What makes that possible is my involvement with those companies whose logos appear on the right-hand side of this page. Between them, they cover the full range of software and services used for electronic discovery in every jurisdiction in which discovery is a relevant concept. Their sponsorship does more than provide the time to write and the opportunity to go where the action is. It also gives me a direct line to the senior people in the industry, and the ability to get involved with the development of rules and the connections with judicial thinkers, things which do not of themselves create a viable business.

The addition of three new sponsors in one week may be a coincidence; I think in fact that it tells us something about the state of the eDiscovery and information governance market and the direction in which it is going. Read the rest of this entry »

You collect the loot and a forensic expert will collect the evidence

August 19, 2011

One would hope that every lawyer engaged in litigation is aware that specialist experts exist who can collect data from computers in a manner which will stand scrutiny in a court. Actually, I have no such hope, since I come across lawyers who have either never applied their mind to this subject or who think that forensics is a deeply mysterious black art, or perhaps part of the syllabus at Hogwarts.

The collection of data in a forensically sound manner is only a part of of skills and services available from a forensics expert, the criminal courts are not the only place where you might need such skills, and computers are not the only source of evidence which is digital. Many civil and, indeed, matrimonial, cases require such evidence; data involves more than documents; and computers are far from the only source of digital material. Last, but not least, you may need the service of such an expert to disprove an allegation made against a client as much as to prove a case.

it may not be immediately obvious that there is a connection between the recent civil disturbances in the UK and the work of a forensic expert. You may be interested in an article published this week in the Manchester Evening News and headed Hi-tech methods that will catch Manchester rioters about the work which CY4OR is doing to help the police identify those responsible for the disorder. That involves enhancing CCTV images as well as collecting data from the telephones and computers of those suspected of involvement. Nor does the investigatory work end with the suspects’ own devices – social media like BlackBerry Messenger or Facebook, as well as eBay, are possible sources of information relevant to every aspect of alleged involvement in the riots, from encouraging others to join in through the actual events and on to the tracing of stolen  goods.

CY4OR have their own article about this here. One hopes that riots will not be a regular component of a lawyer’s work, but high-profile incidents like this serve as a reminder of the very wide range of evidence which can be collected – or rebutted – by the use of a forensics expert.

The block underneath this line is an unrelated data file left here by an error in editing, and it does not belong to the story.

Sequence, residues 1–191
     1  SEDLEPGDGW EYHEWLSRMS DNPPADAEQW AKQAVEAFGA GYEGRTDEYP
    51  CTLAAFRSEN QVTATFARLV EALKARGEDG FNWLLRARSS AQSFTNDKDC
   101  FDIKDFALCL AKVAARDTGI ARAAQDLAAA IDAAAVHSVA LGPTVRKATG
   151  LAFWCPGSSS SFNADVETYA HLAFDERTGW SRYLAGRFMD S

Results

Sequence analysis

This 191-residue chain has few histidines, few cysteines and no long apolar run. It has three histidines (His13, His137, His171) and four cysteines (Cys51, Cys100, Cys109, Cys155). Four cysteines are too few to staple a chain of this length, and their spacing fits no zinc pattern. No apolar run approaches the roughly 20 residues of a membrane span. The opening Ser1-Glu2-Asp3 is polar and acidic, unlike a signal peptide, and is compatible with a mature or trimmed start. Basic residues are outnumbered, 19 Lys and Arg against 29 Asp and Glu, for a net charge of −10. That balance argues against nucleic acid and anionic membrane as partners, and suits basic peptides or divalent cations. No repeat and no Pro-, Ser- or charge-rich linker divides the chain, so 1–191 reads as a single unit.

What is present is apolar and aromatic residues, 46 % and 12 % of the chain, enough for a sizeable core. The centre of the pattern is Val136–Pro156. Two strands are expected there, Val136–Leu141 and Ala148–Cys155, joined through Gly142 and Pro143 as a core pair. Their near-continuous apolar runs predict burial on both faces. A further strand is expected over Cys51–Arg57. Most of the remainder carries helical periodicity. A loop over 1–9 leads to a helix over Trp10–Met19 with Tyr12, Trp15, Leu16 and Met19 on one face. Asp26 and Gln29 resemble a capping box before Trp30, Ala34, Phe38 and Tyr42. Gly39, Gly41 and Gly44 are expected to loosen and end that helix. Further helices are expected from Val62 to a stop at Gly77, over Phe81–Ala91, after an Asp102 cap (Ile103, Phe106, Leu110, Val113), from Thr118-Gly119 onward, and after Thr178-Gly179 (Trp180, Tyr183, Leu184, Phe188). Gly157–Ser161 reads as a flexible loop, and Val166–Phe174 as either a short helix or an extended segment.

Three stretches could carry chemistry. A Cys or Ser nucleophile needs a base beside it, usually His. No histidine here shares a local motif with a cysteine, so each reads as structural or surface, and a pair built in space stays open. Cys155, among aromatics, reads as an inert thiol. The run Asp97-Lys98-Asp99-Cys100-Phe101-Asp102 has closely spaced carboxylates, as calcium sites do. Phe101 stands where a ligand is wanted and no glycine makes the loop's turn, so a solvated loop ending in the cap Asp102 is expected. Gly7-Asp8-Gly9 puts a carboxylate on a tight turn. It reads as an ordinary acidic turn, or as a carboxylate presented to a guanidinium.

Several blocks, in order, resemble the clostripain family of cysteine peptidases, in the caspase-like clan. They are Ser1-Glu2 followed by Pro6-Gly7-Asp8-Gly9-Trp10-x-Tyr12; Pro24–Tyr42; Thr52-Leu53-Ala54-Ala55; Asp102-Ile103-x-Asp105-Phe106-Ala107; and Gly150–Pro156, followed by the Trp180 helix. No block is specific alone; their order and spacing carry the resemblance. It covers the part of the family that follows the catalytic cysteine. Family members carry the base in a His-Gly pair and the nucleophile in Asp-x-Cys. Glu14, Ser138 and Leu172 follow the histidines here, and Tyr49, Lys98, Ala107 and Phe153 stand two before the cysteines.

Huron Consulting goes with Nuix

August 16, 2011

I rarely pass on press releases without some accompanying context, focusing on a few big articles rather than many snippets, but this one headed Huron Consulting replaces Autonomy with Nuix caught my eye as it was published.

Nuix provides software for electronic discovery, investigations and for information governance. Huron Consulting Group provides a range of business consulting services including eDiscovery and related services under the banner Huron Legal. Huron recently acquired the well-known UK-based eDiscovery service provider Trilantic.

Nuix is a pure software company, making its applications available either in-house or through services providers like Huron and many others. To have someone in Huron’s league say of Nuix that “there really was no competition” is a good endorsement to have.

Both Nuix and Huron will be at ILTA 2011. Nuix is offering a “$1,000 giveaway” to those who follow it on Twitter and tweet the phrase found on their competition page. Judging by the number of hits I have found for “Nuix” whilst searching Twitter for a link to the Huron article, Nuix is gaining many followers with this idea.


A court-led eDiscovery initiative in Singapore

August 16, 2011

I thought I had done with Singapore for a bit, at least until October when I am back there for the InnoXcell eDiscovery conference on 31 October.

A news item on the Asia Legal Business Online website seems worth passing on, however. Headed Singapore: Electronic Discovery Initiatives Launched in Legal Sector, it reports that a steering committee, including representatives from the courts and other interested bodies, including law firms, has been set up to investigate various ways of improving document review, case management and the exchange of discoverable documents.

I will keep in touch with this interesting development and let you know more as things develop.


Conferences coming up: ILTA and the Legal Technology Leadership Summit

August 14, 2011

With Singapore behind me (well almost, I am still here as I write this, in the BA lounge, waiting to fly) I can turn to the next two events in the eDiscovery calendar.

Next up is ILTA 2011  at Gaylord Opryland Resort in Nashville, Tennessee from August 21 – 25. The website still shows that registration remains open. Anyone with an interest in legal technology should be there for ILTA’s unequalled range of educational sessions, vendor displays and the opportunities to kick ideas around with people from law firms, providers and others. I will be there, and look forward to meeting as many as possible of those who are kind enough to read this blog.

September 6-8 brings the Legal Technology Leadership Summit 2011 at the Ritz-Carlton, Amelia Island, Florida, presented by Above the Law  in conjunction with the Electronic Discovery Institute. The latter is an important resource for serious and practical thought about the issues raised by electronic discovery. The rest of the world may not appreciate every aspect of the US approach to discovery, but we can certainly learn a great deal from high-level conferences like this. Read the rest of this entry »